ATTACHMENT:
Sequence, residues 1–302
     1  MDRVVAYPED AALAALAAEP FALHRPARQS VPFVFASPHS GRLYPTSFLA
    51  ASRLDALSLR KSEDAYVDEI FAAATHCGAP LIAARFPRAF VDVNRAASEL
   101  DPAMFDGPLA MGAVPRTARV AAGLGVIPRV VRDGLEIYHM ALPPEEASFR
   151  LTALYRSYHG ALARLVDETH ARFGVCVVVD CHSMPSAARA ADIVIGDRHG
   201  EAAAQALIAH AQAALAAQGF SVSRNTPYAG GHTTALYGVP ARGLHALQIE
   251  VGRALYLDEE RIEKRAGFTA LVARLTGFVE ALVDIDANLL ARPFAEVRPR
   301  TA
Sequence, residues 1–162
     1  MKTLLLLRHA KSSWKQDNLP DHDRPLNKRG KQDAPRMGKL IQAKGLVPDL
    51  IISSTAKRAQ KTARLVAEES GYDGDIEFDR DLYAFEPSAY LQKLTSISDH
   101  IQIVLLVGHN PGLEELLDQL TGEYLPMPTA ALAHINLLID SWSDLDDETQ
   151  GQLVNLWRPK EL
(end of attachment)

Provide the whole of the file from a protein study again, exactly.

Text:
Sequence, residues 1–302
     1  MDRVVAYPED AALAALAAEP FALHRPARQS VPFVFASPHS GRLYPTSFLA
    51  ASRLDALSLR KSEDAYVDEI FAAATHCGAP LIAARFPRAF VDVNRAASEL
   101  DPAMFDGPLA MGAVPRTARV AAGLGVIPRV VRDGLEIYHM ALPPEEASFR
   151  LTALYRSYHG ALARLVDETH ARFGVCVVVD CHSMPSAARA ADIVIGDRHG
   201  EAAAQALIAH AQAALAAQGF SVSRNTPYAG GHTTALYGVP ARGLHALQIE
   251  VGRALYLDEE RIEKRAGFTA LVARLTGFVE ALVDIDANLL ARPFAEVRPR
   301  TA
Sequence, residues 1–162
     1  MKTLLLLRHA KSSWKQDNLP DHDRPLNKRG KQDAPRMGKL IQAKGLVPDL
    51  IISSTAKRAQ KTARLVAEES GYDGDIEFDR DLYAFEPSAY LQKLTSISDH
   101  IQIVLLVGHN PGLEELLDQL TGEYLPMPTA ALAHINLLID SWSDLDDETQ
   151  GQLVNLWRPK EL